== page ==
I mean, even if you’re not a fan of Godzilla movies, you know who he is. And you probably know about the current American reboot of the series, which started in 2014, included this year’s Godzilla: King of the Monsters, and will wrap up next year with Godzilla vs King Kong.
However, you may not be aware that a couple of years ago, Japanese filmmakers made their own original Godzilla movie, the first in over a decade.
I went into this movie not having the slightest clue what the plot was. Really, all I knew is that it was a Japanese Godzilla movie made in 2016. And I really liked it! Thanks to Julie for ordering this for me and adding it to the collection!
I was raised on a steady diet of Clint Eastwood’s iconic 60s and 70s movies. These were mostly his Westerns, both those of the spaghetti and non-spaghetti persuasion, as well as his cop movies. Though Eastwood has gone on to be a noted director for a wide range of acclaimed films–many of which I have enjoyed–I always still think of Clint as, well, The Man with No Name, Dirty Harry, and Josey Wales.
As Eastwood’s career has shifted behind the camera, his own appearances on the other side of the lens have become somewhat rare. Mary-Esther recently suggested I review his latest movie–The Mule (which he stars in, directed, and produced)–and I’m glad I did! It was an interesting change of pace for him that still plays to his strengths as a performer. Thanks for the great suggestion, Mary-Esther!
Confession: Until recently, I had never watched a Doris Day movie.
Now, that’s not to say I had anything against Doris Day! I just had never had the opportunity to watch one of her movies and had never given it much thought beyond that.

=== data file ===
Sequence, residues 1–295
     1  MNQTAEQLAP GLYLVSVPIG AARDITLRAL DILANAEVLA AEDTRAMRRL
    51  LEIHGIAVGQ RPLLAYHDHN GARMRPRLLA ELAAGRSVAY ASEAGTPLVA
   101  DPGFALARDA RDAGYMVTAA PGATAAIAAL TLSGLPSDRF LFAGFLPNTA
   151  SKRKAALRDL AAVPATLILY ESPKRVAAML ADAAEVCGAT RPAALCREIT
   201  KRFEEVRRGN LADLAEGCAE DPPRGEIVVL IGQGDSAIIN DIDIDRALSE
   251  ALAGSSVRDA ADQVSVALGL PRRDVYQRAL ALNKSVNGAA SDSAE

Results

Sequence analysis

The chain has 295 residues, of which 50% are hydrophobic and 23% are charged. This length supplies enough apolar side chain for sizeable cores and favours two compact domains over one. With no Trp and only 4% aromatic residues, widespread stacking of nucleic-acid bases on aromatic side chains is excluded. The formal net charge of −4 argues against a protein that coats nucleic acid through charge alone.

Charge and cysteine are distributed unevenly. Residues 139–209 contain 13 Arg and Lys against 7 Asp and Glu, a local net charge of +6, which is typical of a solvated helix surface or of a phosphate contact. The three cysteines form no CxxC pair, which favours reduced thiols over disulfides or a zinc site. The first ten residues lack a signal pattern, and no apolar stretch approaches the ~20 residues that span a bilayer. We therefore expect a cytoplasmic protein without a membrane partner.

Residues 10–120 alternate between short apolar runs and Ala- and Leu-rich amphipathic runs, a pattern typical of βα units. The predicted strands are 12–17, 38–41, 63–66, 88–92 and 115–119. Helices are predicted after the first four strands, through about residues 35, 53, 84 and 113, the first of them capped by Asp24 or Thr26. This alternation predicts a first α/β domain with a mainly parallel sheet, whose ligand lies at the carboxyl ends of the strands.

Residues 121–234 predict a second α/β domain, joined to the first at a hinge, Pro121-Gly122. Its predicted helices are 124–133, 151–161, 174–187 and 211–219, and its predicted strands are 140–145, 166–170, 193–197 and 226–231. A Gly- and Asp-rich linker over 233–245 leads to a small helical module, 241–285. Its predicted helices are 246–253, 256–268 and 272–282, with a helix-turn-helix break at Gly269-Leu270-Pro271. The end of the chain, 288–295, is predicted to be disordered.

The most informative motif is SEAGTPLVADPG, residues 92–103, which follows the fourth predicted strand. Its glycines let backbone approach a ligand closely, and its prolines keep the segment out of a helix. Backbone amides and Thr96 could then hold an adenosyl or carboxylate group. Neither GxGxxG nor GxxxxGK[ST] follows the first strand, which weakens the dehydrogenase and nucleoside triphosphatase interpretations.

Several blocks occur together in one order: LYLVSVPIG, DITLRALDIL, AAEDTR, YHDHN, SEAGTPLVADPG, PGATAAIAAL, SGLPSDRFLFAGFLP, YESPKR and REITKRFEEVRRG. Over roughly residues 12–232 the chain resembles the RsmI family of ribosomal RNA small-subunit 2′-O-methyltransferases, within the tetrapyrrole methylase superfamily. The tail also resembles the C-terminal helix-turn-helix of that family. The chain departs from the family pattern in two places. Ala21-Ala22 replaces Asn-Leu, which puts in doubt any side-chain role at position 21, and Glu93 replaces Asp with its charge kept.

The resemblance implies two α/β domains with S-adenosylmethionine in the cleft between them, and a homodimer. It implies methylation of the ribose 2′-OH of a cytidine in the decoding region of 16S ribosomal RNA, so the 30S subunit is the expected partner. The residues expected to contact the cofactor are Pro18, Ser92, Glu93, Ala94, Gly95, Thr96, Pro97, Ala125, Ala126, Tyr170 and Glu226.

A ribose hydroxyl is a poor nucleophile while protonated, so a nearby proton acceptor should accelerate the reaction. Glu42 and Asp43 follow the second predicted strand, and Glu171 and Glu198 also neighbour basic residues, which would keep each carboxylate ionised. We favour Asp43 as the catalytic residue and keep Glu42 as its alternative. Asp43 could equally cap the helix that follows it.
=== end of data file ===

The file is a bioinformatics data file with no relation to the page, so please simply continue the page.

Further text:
A couple of our patrons, Joan and her daughter, are big Doris Day fans. Not too long ago, I was helping them find some Doris Day movies when it came out that I had never watched one. They encouraged me to give one a try, and I thought in light of Day’s recent passing at the age of 97, it would make for a good opportunity for a movie review.
So, a big thank you to Joan and her daughter–I did enjoy the Doris Day movie I watched. 🙂
I usually am up-to-date on my Masterpiece Theater viewing, but I missed this biopic about the Brontë sisters when it first aired a couple of years ago. Fortunately, Mary-Esther suggested it to me, and I’m glad she did! It’s a well-acted, well-made dramatization of one of the most famous literary families in history.
Usually, I try to focus on newer movies and TV shows for my reviews, but while I was researching potential things to write about, I came across last year’s The Predator, a remake of the classic 1980s action/sci fi film Predator.
Now, if I were a fair-minded person, which I often claim to be, I would have given The Predator a chance.
However, I’m not really that fair-minded. Ever since I heard they were working on this remake, I just couldn’t get over the fact that there was no reason to remake the movie. I’d have been much happier if they’d just re-released the original in theater.
Because if you’re looking for a veneer of outrageous, over-the-top 80s action overlaying a far more complex science fiction tale, then you can’t do better than Predator.
So, for that reason, this week I’m reviewing the original (and best) Predator.
Okay, so I’ve never really watched the show Survivor, but the catchphrase is embedded in my brain from years of commercials: “Outwit, outlast, outplay.” If one were to devise a similar catchphrase for the historical comedy film The Death of Stalin, it would probably be “Out-scheme, out-mourn, outlive”. . . .
It’s that time of year where entertainment is Santa, Christmas, and snow, non-stop. Not that there’s anything wrong with that, but if you, like me, need a break from all that, perhaps 1980s cult classic comedy Rustler’s Rhapsody will do the trick!
Rex O’Herlihan (Tom Berenger, Platoon, Gettysburg) is a singing cowboy, one of the good guys. You can tell because he has a fancy wardrobe and follows a code of honor that involves only shooting the bad guy in the hand. This plays well in the singing cowboy movies he was designed for but is substantially less useful when he’s dropped into the real world. . . .